Last week, while Amy was here in town, I had the perfect opportunity to be a tourist and finally go see the famous National Museum from Musical Clocks to Street Organs (Nationaal Museum van Speelklok tot Pierement). It’s one of the Utrecht museums that is always recommended, by both locals and travel guides.
I now understand why it comes so highly recommended! The museum is housed in an old church and retains a lot of the Gothic architectural elements, but in a light, bright, cheerful manner. Tours are offered every hour and come in English and Dutch. I definitely recommend the tour, so that you can hear many of the music boxes and organs in action, since most require the guide to work them. You can read the informational cards and look at the other pieces on display while the guide performs the tour in the other language or after the tour when you’re free to wander around again on your own.
It’s incredible to see the detail put into these musical pieces, be it the decoration or the mechanization. From the smallest of music boxes to the massive wall organs used in dance halls (as seen in the photo above), it’s incredible to see the craftsmanship and artistry. They have a special Haydn exhibit going on now, including a piece left just as Haydn himself programmed it.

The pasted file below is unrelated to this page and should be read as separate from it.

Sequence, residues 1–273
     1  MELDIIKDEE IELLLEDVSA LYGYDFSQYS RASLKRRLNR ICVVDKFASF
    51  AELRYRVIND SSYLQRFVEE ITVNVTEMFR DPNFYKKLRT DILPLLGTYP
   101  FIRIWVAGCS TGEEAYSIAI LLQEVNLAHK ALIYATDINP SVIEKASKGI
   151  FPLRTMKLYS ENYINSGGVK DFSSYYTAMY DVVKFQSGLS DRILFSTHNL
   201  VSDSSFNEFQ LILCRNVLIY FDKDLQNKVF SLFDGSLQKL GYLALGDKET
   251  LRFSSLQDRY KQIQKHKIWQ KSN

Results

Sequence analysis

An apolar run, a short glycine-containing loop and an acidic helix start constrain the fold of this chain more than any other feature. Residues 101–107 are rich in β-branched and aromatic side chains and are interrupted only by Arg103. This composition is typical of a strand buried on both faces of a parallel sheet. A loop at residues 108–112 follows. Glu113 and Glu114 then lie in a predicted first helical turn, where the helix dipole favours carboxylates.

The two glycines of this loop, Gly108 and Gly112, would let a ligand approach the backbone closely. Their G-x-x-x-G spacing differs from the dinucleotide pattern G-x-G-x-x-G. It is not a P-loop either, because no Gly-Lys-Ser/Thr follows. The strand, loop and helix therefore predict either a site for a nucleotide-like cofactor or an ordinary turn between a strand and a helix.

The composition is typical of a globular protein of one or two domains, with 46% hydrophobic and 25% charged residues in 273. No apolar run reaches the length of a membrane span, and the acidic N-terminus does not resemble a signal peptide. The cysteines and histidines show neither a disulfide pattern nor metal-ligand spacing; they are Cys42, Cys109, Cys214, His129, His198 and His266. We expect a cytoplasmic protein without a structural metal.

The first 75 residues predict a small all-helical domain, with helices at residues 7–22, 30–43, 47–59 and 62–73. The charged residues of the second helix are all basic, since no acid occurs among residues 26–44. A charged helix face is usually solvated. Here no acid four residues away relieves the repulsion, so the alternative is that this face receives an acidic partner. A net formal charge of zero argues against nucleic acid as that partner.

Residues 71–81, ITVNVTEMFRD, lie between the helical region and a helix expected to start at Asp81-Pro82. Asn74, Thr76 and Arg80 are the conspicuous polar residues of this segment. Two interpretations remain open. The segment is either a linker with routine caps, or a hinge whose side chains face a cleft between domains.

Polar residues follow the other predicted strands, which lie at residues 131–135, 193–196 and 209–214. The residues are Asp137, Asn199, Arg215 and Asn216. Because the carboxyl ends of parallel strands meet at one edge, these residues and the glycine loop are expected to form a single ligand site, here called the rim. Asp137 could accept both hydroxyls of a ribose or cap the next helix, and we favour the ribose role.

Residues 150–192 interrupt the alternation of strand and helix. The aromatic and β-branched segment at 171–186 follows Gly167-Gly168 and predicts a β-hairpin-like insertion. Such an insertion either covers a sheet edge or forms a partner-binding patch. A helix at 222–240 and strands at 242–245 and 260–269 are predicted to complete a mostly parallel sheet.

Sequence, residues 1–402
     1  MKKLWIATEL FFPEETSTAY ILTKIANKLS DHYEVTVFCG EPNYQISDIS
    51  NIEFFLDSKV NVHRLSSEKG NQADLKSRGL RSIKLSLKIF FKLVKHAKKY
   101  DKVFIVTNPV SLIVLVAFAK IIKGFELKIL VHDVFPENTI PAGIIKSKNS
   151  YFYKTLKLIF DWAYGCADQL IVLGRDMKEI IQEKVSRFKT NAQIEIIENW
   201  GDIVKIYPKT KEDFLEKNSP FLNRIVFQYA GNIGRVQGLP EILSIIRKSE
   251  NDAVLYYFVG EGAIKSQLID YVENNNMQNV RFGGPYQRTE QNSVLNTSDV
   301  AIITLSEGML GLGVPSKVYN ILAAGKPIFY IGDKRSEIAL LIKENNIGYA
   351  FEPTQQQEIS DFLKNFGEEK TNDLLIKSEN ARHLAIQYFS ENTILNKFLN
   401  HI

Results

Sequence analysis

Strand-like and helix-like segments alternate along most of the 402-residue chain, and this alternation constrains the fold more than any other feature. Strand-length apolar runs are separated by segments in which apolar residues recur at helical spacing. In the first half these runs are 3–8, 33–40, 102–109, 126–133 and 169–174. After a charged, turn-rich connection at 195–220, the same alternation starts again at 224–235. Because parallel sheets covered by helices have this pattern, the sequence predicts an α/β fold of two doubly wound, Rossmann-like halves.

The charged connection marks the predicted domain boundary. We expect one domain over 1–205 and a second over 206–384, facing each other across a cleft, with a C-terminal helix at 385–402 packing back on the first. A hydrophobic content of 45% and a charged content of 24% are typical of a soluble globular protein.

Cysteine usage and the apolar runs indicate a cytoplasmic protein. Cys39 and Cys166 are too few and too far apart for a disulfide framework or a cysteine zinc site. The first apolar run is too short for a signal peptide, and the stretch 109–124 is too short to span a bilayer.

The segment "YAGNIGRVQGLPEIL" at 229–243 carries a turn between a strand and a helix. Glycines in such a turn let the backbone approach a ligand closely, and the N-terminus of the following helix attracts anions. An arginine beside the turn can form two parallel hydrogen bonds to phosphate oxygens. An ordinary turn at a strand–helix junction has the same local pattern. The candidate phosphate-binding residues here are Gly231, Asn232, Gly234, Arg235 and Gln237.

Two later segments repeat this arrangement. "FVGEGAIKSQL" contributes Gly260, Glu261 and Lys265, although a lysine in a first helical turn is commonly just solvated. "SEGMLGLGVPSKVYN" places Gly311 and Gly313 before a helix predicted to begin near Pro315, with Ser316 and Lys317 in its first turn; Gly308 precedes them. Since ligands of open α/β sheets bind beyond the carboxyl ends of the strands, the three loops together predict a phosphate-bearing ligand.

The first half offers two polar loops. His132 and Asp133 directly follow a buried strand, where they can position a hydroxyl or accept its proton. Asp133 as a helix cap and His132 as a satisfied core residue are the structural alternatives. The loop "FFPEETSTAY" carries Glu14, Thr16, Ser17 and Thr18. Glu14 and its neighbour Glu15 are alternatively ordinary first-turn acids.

One bit of history that I got a kick out of was the fact that the larger street organs became fairly popular in the Netherlands, to a large degree because of the flat terrain here, which enabled the pieces to be pushed around town.
My Dutch language skills are still pretty much in their infancy, although I can string together the occasional sentence. However, I realized I was able to understands bits and pieces of the tour when the guide was speaking in Dutch. (On a side note, I was particularly impressed with his Gs. Beautifully pronounced — and something I don’t think I will ever be able to do so well and with such ease.) One of the words I was excited to realize I recognized was smartlappen. I was familiar with the word due to the Smartlappen Festival held annually in town. The word came up during the history part of the tour, when some of the early songs performed on the chest organs were discussed.
After the official tour was over, Amy and I headed upstairs to see some of the other pieces in the museum’s collection. One piece of particular interest was a royal cart that ran over a track on the floor. The track had the same cutouts as the organ songbooks in order to produce the sounds. When the cart was pedalled down the track, music played. The cart was designed for children, but I think it helps to have a bit of weight in the cart to get a fuller sound. One or two small children didn’t seem to create quite as big a sound. Amy, being on the shorter side, decided to give it a go. Then I tried getting in. Suddenly, I felt so Dutch! My legs were too long! I was too tall! The pedals came up too high for me to be able to put my feet down without my knees getting in the way of the bar across the center, so I had to sit with my legs stretched out and held up, while Amy pedalled us down the track! It was great fun!
So, to recap, definitely visit the museum — one block over from the Oude Gracht — and more importantly, take one of the guided tours. You’ll be so happy you did!